THE EVOLUTION OF THE STARS AND THE FORMATION OF THE EARTH1
THE SOLAR SYSTEM.
THE STELLAR SYSTEM.
THE ZODIACAL LIGHT
WILLIAM WALLACE CAMPBELL
EVERY serious student of nature asks, sooner or later: What was the origin of the stars? What has been their history? And what does the future hold in store for them? In harmony with our experience is the belief that all matter in the universe is endowed with the property of obeying certain fundamental laws, such as: every particle of matter attracts every other particle; a hotter body radiates its heat energy to a cooler body; gases expand indefinitely unless resisted by gravitation or other effective force.
LAST summer it was the writer's privilege to lead a small expedition from Yale to the fossil fields of the west in search for the relics of bygone creatures to add to the already extensive collections owned by the university. Our purpose was not solely that of collecting, however, but to get data concerning the distribution in time of certain of the ancient faunas, hoping thereby not only to increase the sum of our knowledge, but to date more accurately some of the wealth of forms collected by the pioneer expeditions which, under the leadership of Professor Marsh, penetrated the unknown west in the early seventies.
FOUR POINTS IN THE INDICTMENT OF THE SMOKE NUISANCE
MELLON INSTITUTE OF INDUSTRIAL RESEARCH, UNIVERSITY OF PITTSBURGH
IN all papers and talks concerning the smoke nuisance, it has become customary to refer to the economic cost of the nuisance both to the public and to the smoke makers. This is the indictment which is supposed to strike home. When a speaker on this subject says The abolition of the smoke nuisance, unlike many other social nuisances against which outcry has been, would result in direct and immediate gain both to the public at large and to those who are chiefly responsible for the nuisance itself, he feels that he has said the last word.
IN these modern days of municipal extravagance, of crowded city budgets, and of frantic legislative attempts to control undue rates of taxation in our centers of population, any new source of expenditure is almost pre-fated to encounter the shrug of suspicion—the stony stare of hostility.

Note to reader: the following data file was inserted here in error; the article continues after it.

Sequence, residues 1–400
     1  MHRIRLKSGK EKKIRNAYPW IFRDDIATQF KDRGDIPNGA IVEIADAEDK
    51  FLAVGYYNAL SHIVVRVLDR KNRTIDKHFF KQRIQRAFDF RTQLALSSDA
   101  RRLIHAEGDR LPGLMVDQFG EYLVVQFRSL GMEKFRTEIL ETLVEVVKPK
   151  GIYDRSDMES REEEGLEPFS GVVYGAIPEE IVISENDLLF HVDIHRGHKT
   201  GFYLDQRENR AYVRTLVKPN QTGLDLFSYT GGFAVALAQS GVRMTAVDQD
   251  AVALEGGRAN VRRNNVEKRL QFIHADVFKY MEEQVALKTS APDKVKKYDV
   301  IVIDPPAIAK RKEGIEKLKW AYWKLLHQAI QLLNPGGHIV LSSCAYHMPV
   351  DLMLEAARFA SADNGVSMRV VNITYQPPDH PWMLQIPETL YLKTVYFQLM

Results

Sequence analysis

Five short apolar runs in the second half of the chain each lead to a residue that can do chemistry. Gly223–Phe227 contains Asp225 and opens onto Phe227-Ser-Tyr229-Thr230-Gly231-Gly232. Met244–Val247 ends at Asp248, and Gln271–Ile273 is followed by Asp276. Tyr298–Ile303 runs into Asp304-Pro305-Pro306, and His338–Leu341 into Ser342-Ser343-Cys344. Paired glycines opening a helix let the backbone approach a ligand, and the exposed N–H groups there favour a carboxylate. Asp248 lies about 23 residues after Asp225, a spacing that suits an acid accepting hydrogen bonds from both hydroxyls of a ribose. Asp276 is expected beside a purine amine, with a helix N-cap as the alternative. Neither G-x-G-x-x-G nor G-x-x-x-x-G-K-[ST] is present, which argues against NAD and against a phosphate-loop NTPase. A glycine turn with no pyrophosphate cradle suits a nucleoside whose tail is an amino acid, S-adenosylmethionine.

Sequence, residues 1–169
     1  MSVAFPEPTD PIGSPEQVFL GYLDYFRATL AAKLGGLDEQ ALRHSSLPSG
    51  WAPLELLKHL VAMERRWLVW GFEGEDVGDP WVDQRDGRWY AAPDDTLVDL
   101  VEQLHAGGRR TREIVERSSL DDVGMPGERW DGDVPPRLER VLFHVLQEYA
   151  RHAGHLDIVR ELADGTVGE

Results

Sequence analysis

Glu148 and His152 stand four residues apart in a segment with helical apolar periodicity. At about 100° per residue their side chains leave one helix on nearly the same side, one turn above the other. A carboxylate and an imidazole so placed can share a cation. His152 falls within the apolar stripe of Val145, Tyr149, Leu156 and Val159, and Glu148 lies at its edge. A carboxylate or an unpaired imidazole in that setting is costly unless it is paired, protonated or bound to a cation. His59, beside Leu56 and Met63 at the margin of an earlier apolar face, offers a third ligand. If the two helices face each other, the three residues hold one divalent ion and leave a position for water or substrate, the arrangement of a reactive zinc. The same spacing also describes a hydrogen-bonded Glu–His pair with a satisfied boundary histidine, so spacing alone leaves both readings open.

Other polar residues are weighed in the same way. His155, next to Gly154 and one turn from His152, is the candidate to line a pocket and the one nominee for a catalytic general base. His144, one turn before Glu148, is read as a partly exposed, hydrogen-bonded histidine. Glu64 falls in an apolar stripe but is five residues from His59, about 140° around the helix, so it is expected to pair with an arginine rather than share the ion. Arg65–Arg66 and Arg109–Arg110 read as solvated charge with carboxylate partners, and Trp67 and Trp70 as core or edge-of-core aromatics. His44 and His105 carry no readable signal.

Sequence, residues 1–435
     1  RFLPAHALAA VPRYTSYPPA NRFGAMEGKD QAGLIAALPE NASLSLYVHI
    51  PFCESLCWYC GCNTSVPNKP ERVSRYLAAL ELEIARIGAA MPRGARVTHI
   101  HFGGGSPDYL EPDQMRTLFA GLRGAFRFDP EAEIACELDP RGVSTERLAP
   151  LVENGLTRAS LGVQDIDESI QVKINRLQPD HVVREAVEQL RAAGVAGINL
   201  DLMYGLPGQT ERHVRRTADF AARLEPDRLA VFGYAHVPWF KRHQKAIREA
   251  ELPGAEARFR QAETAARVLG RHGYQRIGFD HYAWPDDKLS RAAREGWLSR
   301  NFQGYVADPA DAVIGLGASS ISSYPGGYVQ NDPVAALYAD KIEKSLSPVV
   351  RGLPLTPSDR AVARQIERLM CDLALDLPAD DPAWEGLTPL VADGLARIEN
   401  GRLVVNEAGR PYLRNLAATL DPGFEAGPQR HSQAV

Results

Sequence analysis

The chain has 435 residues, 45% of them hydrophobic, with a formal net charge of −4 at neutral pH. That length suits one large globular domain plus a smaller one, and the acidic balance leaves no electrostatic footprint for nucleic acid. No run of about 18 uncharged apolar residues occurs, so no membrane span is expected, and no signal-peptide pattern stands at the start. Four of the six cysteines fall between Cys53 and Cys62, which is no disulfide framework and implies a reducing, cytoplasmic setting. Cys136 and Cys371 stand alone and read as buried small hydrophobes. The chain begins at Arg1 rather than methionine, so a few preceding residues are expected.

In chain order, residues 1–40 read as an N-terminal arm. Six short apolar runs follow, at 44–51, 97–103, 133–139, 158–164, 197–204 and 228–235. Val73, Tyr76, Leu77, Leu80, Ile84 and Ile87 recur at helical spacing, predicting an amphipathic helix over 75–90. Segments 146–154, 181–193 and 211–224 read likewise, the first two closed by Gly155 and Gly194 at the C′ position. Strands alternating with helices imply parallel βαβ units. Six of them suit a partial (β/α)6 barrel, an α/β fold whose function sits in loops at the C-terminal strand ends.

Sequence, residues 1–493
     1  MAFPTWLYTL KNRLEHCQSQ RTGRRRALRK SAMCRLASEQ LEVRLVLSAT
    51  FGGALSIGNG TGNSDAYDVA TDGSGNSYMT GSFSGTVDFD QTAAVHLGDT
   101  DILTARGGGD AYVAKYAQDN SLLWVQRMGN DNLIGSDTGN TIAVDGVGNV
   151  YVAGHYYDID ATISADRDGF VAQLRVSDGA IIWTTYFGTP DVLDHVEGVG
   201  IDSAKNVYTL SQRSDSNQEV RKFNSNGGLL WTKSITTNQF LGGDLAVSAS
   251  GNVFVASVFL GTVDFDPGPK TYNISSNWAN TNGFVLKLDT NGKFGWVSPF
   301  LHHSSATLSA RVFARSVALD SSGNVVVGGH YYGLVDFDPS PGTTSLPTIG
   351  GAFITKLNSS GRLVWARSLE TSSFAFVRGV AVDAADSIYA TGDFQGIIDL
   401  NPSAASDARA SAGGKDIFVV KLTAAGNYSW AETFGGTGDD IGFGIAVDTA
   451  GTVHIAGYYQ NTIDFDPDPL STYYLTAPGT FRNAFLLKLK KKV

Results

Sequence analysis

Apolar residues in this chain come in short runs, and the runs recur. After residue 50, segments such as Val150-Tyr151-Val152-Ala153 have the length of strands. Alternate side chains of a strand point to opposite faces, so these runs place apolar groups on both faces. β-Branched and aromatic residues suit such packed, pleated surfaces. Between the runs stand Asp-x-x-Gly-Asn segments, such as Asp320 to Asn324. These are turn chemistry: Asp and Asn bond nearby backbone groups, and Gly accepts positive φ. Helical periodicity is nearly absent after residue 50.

REVOLUTIONS are a part of our modern world. Men have come to look upon them as natural moments in national life. So much experience have the western nations had with social upheavals and the reversal of political practises that they have learned how to revolute without war or violence.
THERE are but three ways in which the force of a race or a nation may be permanently lowered : ( 1 ) Emigration, the transfer of stronger elements to other regions; (2) immigration, filling up the gaps with people of lower native ability or energy; (3) war, the destruction of the virile and soldierly.
PROBABLY ninety-nine out of every hundred educated persons would be surprised to learn that there was any such thing as natural science in the middle ages. Lest I seem to impute too much ignorance to my present audience, perhaps I should lower the ratio to nine persons out of ten.
OF all established customs in Fiji the most odious was cannibalism, yet it was always tabu for women and the lower classes, and the custom was extensively practised only by the chiefs and warriors. It is possible that in Fiji it was primitively a religious rite and did not originate in time of famine, or through motives of mere revenge.
THE SCIENTIFIC MONTHLY AND THE POPULAE SCIENCE MONTHLY
SCIENTIFIC JOURNALS AND THE PUBLIC
SCIENCE AND NATIONAL WELFARE
THE POPULAR SCIENCE MONTHLY, since its establishment in 1872 by J. W. Youmans and the firm of D. Appleton and Company, has endeavored to perform two functions which are somewhat distinct. On the one hand, it has aimed to popularize science, and, on the other hand, to publish articles reviewing scientific progress and advocating scientific, educational and social reforms.